SATAPATTA JĀTAKA (NO. 279)
ALLY OR FOE, IT DEPENDS?
When the Buddha was in Jetavana Monastery, the Buddha told this story while admonishing several incorrigible monks.
In a previous life, the future Buddha was the chief of five hundred robbers, who lived by highway robbery and housebreaking. At that time, there was a landowner who had lent someone a thousand pieces of money but died before being repaid. Later, when his wife laid dying, she asked her son to collect the debt before her last breath.
The son managed to collect the debt but his mother passed away before he could arrive home. She loved him so much that she suddenly reappeared in the form of a jackal on the road on which he was travelling. The road led to some woods where the robber chief and his band of men laid in wait to rob unsuspecting travellers.
When the son arrived at the entrance of the woods, the jackal, his mother, tried repeatedly to stop him. She entreated him, “My son, don’t enter the woods! There are robbers there who will kill you and take your money!” But her son could not understand her. Instead, he thought, “This is bad luck, having a jackal trying to stop my way.”
He chased the jackal away with sticks and clods of earth and proceeded to enter the woods. Meanwhile, a crane flew towards the band of robbers, crying out, “Here’s a man with a thousand pieces on him. Kill him and take them!” Not knowing what the crane was doing, the son thought, “A lucky bird! There’s a good omen for me!” He saluted the bird, crying respectfully, “Say more, say more, my lord!”
The future Buddha, who knew the meaning of all sounds, realised the crane was the man’s enemy. “This man is a fool for driving away his mother who wished for his welfare while worshipping the crane who wished him ill!” In the woods, the robbers waylaid the son. The future Buddha told the youth of his foolishness and refused to take his money, saying, “Keep your money and be off!”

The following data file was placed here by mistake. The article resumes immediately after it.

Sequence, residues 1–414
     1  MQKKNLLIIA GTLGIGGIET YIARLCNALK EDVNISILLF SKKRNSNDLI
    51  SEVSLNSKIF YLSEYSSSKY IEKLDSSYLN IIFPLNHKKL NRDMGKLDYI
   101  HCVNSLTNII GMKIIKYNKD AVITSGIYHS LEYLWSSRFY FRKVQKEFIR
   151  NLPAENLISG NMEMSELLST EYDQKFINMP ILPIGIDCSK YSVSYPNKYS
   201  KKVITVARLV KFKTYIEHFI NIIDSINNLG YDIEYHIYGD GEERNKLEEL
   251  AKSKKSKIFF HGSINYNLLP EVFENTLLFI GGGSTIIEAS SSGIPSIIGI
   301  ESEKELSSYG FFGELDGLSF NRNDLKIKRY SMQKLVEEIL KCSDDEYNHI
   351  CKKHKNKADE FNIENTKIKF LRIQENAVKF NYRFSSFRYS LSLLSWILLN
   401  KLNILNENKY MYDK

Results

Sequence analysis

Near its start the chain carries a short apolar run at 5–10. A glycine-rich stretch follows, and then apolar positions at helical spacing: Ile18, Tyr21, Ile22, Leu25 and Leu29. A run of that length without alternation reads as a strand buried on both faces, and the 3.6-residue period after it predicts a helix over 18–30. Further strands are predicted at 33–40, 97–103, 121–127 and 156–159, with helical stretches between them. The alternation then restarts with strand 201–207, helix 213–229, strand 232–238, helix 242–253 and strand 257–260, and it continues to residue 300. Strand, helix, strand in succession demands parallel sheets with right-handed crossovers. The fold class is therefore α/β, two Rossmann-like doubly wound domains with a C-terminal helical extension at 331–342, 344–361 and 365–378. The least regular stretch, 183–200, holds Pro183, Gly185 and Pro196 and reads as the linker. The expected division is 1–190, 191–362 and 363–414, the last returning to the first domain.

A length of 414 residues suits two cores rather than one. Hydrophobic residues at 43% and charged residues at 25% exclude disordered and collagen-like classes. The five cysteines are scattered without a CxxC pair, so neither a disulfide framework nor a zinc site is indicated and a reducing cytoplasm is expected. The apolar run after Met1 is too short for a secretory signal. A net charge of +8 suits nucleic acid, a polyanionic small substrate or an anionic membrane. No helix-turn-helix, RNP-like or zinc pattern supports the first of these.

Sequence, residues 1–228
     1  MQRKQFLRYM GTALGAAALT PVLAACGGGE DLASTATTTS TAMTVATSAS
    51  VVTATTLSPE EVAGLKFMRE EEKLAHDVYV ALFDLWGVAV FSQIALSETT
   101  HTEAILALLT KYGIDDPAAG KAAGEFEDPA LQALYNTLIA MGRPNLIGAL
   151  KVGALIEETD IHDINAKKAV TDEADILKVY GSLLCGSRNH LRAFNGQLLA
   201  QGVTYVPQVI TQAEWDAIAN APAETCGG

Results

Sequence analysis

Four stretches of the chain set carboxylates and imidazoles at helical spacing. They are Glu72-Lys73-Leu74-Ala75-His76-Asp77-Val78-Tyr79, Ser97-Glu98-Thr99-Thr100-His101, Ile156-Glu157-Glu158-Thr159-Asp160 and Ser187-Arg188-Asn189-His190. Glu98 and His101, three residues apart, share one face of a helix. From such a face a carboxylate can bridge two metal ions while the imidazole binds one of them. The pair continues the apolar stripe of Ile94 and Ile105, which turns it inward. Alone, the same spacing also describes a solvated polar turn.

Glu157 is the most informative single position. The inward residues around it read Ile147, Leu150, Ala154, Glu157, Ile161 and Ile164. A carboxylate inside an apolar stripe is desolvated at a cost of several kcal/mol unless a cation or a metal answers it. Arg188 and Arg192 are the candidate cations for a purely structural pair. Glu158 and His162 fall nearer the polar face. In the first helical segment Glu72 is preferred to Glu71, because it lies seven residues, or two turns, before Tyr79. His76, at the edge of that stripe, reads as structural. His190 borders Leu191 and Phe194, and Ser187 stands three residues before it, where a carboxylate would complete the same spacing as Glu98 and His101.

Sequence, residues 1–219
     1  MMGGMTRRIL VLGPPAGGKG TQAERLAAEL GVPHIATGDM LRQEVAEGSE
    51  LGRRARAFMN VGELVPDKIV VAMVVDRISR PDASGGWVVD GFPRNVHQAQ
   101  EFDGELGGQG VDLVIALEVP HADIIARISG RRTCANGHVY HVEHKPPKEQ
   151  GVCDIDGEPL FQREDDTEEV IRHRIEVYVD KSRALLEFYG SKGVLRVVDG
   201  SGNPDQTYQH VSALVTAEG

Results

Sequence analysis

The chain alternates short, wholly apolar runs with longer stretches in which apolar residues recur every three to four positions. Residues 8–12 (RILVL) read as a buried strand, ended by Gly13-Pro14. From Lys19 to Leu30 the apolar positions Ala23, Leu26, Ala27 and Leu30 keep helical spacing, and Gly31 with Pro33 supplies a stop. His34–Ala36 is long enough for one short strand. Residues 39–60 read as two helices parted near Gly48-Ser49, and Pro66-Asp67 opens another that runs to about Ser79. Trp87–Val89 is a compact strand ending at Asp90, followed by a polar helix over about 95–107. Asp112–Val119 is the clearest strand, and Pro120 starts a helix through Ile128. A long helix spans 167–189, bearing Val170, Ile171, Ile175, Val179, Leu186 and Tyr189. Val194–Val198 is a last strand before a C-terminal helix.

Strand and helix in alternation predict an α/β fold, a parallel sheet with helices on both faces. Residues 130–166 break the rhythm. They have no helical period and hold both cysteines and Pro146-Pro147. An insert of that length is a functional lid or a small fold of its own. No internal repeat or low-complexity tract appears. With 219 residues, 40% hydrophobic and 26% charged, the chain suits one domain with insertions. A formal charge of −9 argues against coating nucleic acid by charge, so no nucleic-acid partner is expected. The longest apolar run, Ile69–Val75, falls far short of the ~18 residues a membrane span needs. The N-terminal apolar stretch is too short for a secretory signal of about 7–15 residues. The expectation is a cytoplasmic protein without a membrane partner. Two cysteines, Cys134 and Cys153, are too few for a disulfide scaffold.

Just as in a past life, when the future Buddha chided a man who drove away his mother who wished for his welfare and worshipped a crane which wished him ill, so the Buddha conquered the monks’ haughty mind born of ignorance.
Every phenomena is formed from myriad contradicting or complementing conditions. Due to invariability of change, the seemingly bad luck jackal was apparently his loving mother while the beautiful crane was apparently his past wicked enemy.
The future Buddha, without discrimination, clearly differentiated between friend and foe within the confusingly complex net of conditionality. He helped the man to see beyond the superficial idea that a friend must appear as a helpful person whereas a foe must be of an intimidating appearance.
Invariability of change – conditions change continuously. An enemy can become a friend and so, can a friend become an enemy. Each person is but a synthesis of countless opposing conditions. The perplexed man in the tale was trapped and conditioned by his deluded kammic perception. This caused him to fail to differentiate between a friend and a foe.
Complicated kammic consequences or
simply, consequential consequences
is the most unfathomable Samsaric phenomena that
non-deceptively outsmarts our powerful manipulative minds
which deludedly imagine that we are masters of our own lives.
In this Jātaka tale, a dying mother,
who urged the son to collect a debt,
had died prematurely and was trapped to appear
as a jackal, was perceived as an enemy by her naive son.
The anxious son who had successfully collected the debt
now had to face two ripening kammic scenarios:
one possible but weak meritorious encounter
guided by his mother;
the other heavier demeritorious encounter, conjured by the crane,
had mistakenly chosen the wrong route of salvation.
To ask a normal uncultivated man
to fully honour his promises and responsibilities
is somehow a dilemmatic challenge
because human survival instinct
is capable of all forms of trickery
to escape the supposed responsibilities and indebtedness.
This has to be repaid by consequential consequences
in future lives.
Rebirth erases all memory and unmistakably convince us to believe that it is the right choice
to trust the “cranes” in our lives.
Bound by self-preservation,
and forced by circumstances, we avoid our due responsibilities
with justifications and plays of trickery.
Imminently, we are master and servant
to consequential consequences.
To realise this truth is utmost liberating
because there is no real victim of total innocence
and no real saviour of total sacrifice.
We are all owners of “consequential consequences”.
Ultimately, the knowledge of conditionality
frees us from being caught in the endless cyclic role
of “victim and culprit” or “friend and foe”.